Dissociative Identity Disorder
Also Known as Multiple Personality Disorder
Dissociative identity disorder (DID) is a diagnosis characterized by having two or more distinct people, each with his or her own identity and personality, that alternately take control over a person. More commonly known by its older name, multiple personality disorder. It is thought that this disorder may be caused by trauma from a person’s childhood, such as ongoing physical abuse, sexual assault, and/or emotional abuse.
The person also experiences severe memory loss that cannot be explained by ordinary forgetfulness.
Thought to be a coping mechanism, dissociation helps a person leave the traumatic situation. While all people do that when they daydream, this disorder takes it to another level entirely where the dissociations become real and the person begins to mold themselves into another identity entirely.
Symptoms of Dissociative Identity Disorder
Dissociative identity disorder is characterized by the following symptoms, which can be diagnosed by a mental health professional:
- Disruption of a person’s identity. This disruption can be seen by the presence of two or more distinct personality states. In some cultures, these different personality states may be called “possession” or label the person as being “possessed.” The disruption involves marked discontinuity in sense of self and sense of agency, accompanied by related alterations in affect, behavior, consciousness, memory, perception, cognition, and/or sensory-motor functioning.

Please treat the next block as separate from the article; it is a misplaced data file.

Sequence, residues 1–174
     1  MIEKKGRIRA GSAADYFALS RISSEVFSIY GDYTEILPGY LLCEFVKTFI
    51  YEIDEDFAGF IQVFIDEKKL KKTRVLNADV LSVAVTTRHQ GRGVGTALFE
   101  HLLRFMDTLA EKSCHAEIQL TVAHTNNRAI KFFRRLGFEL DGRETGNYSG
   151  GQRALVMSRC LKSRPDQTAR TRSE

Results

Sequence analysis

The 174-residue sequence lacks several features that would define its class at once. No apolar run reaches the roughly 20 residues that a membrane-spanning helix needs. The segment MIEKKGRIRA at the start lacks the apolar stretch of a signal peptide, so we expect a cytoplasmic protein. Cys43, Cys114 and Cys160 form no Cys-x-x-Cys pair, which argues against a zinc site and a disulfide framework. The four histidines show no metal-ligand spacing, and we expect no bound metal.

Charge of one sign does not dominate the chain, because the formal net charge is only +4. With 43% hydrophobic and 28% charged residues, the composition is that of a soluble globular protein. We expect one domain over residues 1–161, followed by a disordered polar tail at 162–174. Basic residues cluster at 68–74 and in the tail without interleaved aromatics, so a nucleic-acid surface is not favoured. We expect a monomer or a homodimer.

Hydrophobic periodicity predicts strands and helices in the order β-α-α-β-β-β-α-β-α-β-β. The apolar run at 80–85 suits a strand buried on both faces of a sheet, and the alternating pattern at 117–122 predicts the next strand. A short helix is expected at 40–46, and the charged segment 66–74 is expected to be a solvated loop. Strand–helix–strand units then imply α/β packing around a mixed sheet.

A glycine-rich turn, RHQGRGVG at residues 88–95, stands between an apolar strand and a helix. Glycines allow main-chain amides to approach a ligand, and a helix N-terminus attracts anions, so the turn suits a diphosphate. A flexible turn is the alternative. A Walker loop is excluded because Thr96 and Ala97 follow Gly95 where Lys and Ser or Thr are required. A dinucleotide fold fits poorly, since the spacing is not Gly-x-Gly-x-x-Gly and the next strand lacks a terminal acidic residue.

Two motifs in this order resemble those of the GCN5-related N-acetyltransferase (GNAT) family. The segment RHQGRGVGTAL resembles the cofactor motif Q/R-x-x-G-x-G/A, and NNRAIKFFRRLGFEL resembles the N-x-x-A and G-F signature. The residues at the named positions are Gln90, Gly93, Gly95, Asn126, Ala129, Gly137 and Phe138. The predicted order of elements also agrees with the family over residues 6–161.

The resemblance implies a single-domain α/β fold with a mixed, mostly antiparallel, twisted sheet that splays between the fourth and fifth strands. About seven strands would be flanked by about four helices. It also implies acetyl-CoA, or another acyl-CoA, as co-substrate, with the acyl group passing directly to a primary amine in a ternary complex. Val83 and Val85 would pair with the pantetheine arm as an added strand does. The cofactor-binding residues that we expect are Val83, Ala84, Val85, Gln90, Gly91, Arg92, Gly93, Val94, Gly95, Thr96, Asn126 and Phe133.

- Recurring gaps in the recall of everyday events, important personal information, and/or traumatic events are are inconsistent with ordinary forgetting
- These symptoms cause significant distress and/or impairment in the the person’s everyday functioning with friends, family, at work or school, or in other important areas of their life.
- These symptoms are not a part of a broadly accepted cultural or religious practice. In children, they should not be confused with imaginary play, role playing, or fantasy play.
- The disturbance is not due to the direct physiological effects of a substance (e.g., blackouts or chaotic behavior during alcohol intoxication) or a general medical condition (e.g., complex partial seizures).
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More Information about Dissociative Identity Disorder
Bressert, S. (2017). Dissociative Identity Disorder. Psych Central. Retrieved on January 10, 2018, from https://psychcentral.com/disorders/dissociative-identity-disorder/